Let $G$ and $H$ be two compact Lie groups with isomorphic Lie algebras $\frak{h} \simeq \frak{g}$, but which are non-isomorphic as topological spaces. From the isomorphism assumption it (should) follows that we have a bijection between the irreducible representations of $G$ and $H$. From this it should also follow that the Peter–Weyl decomposition of the space matrix coefficient functions of both groups are isomorphic as $\frak{g}$-modules. Now the completion of the space of matrix coefficients of both groups to their spaces of continuous functions cannot be isomorphic since $G$ and $H$ are not isomorphic as topological spaces. So where does this failure of isomorphism come from? Does it come from the algebra structure of the space of matrix coefficients? Or might it come from the completion being different, i.e. the $\|\cdot\|_{\infty}$ norm is different in both cases.

Edit: Following the comments below, the example I am thinking about is $U_2$ and $SU_2 \times U_1$. Does $SU_2 \times U_1$ have more irreducible representations than $U_2$?

  • $\begingroup$ Surely you mean "non-isomorphic as topological groups"? "Isomorphism as topological spaces" is a strange property to study for Lie groups. (But, come to that, I don't actually know whether this is one of those instances of rigidity of Lie groups where homeomorphic Lie groups are automatically isomorphic Lie groups.) $\endgroup$ – LSpice Dec 22 '20 at 19:43
  • 2
    $\begingroup$ $\operatorname{SU}_2 \times \operatorname U_1 \to \operatorname U_2$ is a 2-fold cover, so you would expect it to have, loosely—*not* formally—speaking, twice as many representations. (This is the same kind of situation as $\operatorname{SU}_2 \to \operatorname{SO}_3$ mentioned in @QiaochuYuan's answer.) For example, the projection $\operatorname{SU}_2 \times \operatorname U_1 \to \operatorname U_1$ on the second factor does not factor through $\operatorname U_2$. $\endgroup$ – LSpice Dec 22 '20 at 19:59

It's just not true that having isomorphic Lie algebras implies a bijection between the irreducibles (presumably you mean a bijection compatible with the isomorphism between the Lie algebras). For example when $G = SU(2), H = SO(3)$ only half of the irreducibles of $SU(2)$ come from irreducibles of $SO(3)$.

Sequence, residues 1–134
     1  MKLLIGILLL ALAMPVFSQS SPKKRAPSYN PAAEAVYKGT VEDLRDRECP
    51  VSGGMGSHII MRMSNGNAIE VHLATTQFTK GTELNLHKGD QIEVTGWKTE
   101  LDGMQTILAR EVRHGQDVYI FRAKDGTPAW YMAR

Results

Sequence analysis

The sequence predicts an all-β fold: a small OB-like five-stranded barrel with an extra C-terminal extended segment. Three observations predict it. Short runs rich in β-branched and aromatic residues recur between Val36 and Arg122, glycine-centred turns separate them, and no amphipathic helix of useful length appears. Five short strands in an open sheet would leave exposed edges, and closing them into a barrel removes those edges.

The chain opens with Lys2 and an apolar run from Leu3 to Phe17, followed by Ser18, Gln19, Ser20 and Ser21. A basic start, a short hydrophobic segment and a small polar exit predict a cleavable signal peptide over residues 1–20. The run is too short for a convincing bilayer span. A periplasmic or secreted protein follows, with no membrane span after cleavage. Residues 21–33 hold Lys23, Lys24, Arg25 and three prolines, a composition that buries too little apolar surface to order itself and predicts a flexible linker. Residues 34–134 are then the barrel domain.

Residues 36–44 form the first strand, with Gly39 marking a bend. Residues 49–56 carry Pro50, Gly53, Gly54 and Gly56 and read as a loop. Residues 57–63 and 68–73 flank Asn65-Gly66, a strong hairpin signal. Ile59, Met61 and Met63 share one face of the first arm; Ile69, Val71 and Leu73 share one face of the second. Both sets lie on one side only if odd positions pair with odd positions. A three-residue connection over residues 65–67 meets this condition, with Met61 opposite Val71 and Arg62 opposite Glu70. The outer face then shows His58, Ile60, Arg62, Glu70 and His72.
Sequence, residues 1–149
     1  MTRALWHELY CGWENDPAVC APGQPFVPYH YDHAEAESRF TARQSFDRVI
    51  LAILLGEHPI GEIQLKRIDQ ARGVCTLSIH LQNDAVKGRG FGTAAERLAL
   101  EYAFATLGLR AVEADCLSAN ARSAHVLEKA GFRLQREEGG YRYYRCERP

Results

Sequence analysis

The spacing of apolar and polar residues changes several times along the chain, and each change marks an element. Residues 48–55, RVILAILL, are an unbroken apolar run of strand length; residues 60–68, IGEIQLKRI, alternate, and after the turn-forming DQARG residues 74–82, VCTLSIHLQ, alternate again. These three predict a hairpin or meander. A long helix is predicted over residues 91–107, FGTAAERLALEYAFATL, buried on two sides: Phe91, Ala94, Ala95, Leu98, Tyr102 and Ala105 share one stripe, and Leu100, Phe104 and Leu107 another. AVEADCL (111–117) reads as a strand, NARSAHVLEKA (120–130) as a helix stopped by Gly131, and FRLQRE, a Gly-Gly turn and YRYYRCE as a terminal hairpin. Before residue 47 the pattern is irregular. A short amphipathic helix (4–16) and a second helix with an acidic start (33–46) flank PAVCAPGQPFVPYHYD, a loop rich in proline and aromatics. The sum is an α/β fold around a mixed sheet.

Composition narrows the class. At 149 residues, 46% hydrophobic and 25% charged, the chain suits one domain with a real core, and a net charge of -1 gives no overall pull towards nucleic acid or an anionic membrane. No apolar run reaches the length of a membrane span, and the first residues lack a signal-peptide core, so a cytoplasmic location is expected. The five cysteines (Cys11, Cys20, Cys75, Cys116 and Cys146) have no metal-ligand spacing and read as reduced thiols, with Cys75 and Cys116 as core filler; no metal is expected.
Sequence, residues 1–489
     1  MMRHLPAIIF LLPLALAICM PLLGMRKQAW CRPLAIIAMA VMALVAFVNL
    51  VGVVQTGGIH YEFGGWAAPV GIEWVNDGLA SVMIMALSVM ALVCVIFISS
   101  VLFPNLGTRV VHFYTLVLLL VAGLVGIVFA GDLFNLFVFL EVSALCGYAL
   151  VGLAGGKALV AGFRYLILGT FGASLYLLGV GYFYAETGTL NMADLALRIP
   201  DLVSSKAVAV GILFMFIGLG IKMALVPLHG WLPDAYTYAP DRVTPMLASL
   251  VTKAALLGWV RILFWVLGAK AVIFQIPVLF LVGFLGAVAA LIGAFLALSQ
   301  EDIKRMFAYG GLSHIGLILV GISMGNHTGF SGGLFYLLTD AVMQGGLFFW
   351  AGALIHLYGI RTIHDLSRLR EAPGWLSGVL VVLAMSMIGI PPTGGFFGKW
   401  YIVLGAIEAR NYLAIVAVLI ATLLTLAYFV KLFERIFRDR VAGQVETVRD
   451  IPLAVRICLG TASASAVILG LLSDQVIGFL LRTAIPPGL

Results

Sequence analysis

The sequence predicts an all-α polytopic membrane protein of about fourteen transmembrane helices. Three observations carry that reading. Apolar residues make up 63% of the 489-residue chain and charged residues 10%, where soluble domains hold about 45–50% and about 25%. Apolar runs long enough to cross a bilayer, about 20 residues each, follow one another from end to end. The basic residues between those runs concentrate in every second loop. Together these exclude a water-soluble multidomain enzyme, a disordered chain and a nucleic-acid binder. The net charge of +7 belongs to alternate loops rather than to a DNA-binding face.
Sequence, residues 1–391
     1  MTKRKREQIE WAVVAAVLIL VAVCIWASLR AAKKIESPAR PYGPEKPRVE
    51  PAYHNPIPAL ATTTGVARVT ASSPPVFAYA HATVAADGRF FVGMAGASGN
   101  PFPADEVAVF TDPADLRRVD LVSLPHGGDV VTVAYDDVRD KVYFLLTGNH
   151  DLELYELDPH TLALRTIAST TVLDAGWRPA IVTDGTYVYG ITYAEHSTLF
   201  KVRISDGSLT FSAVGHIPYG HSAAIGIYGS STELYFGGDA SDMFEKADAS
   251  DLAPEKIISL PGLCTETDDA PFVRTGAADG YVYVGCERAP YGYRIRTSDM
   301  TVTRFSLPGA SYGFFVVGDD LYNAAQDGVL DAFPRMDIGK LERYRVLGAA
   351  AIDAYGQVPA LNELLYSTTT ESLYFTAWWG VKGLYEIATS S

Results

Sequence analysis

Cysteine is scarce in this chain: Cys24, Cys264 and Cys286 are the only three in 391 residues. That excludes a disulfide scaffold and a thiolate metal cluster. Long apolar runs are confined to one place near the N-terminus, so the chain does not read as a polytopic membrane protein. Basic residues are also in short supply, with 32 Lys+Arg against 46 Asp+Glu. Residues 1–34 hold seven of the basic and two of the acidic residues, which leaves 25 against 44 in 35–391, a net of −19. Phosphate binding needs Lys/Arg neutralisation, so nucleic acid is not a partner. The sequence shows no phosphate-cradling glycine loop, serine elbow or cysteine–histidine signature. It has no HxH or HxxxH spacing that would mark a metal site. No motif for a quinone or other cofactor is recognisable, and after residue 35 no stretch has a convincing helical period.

Continuing, the natural double cover $SU(2) \to SO(3)$ identifies the algebra $C(SO(3))$ of continuous functions on $SO(3)$ with a subalgebra of $C(SU(2))$ (exactly the subalgebra of "even functions" with respect to $-1 \in SU(2)$) and in the Peter-Weyl decomposition this subalgebra corresponds to the irreducibles of $SU(2)$ which descend to irreducibles of $SO(3)$ ("integer spin"), while there's a whole other subspace of odd functions corresponding to the irreducibles which don't ("half-integer spin").

Generally, if $G$ and $H$ are compact connected Lie groups related by a covering map $p : G \to H$ then they fit into a short exact sequence

$$1 \to Z \to G \to H \to 1$$

where $Z = \text{ker}(p)$ is a finite central subgroup of $G$, which when $G$ is simply connected can be identified with $\pi_1(H)$. When $G = SU(2), H = SO(3)$ we have $Z = \{ \pm 1 \}$. The pullback $p^{\ast} : \text{Rep}(H) \to \text{Rep}(G)$ then identifies the representations of $H$ with the representations of $G$ on which $Z$ acts trivially; meanwhile there must be other representations of $G$ on which $Z$ doesn't act trivially (by Peter-Weyl). This pullback is compatible with the pullback $p^{\ast} : C(H) \to C(G)$ on continuous functions, which identifies $C(H)$ with the subalgebra of $C(G)$ on which $Z$ acts trivially (the generalized "even subalgebra").

  • $\begingroup$ So the example I am thinking about is $U_2$ and $SU_2 \times U_1$. Does $SU_2 \times U_1$ have more irreducible representations than $U_2$? $\endgroup$ – Piet Bongers Dec 22 '20 at 19:57
  • 2
    $\begingroup$ @PietBongers, addressed in a comment on the main question (although maybe @‍QiaochuYuan will have more to say). $\endgroup$ – LSpice Dec 22 '20 at 20:02
  • 1
    $\begingroup$ @Piet: it's exactly as LSpice says, you get a double cover so again there are "twice" as many irreducibles. $\endgroup$ – Qiaochu Yuan Dec 22 '20 at 20:03
  • 1
    $\begingroup$ @QiaochuYuan: Thanks a lot for the extra comments. So if I have understood correctly, for a Lie group $G$, will the irreps of $G$ coincide with the irreps of $\frak{g}$ when $\pi(G)$ is trivial? $\endgroup$ – Piet Bongers Dec 22 '20 at 21:00
  • 2
    $\begingroup$ @Piet: yes, that's right (for finite-dimensional representations). $\endgroup$ – Qiaochu Yuan Dec 22 '20 at 22:50

Your Answer

By clicking “Post Your Answer”, you agree to our terms of service, privacy policy and cookie policy

Not the answer you're looking for? Browse other questions tagged or ask your own question.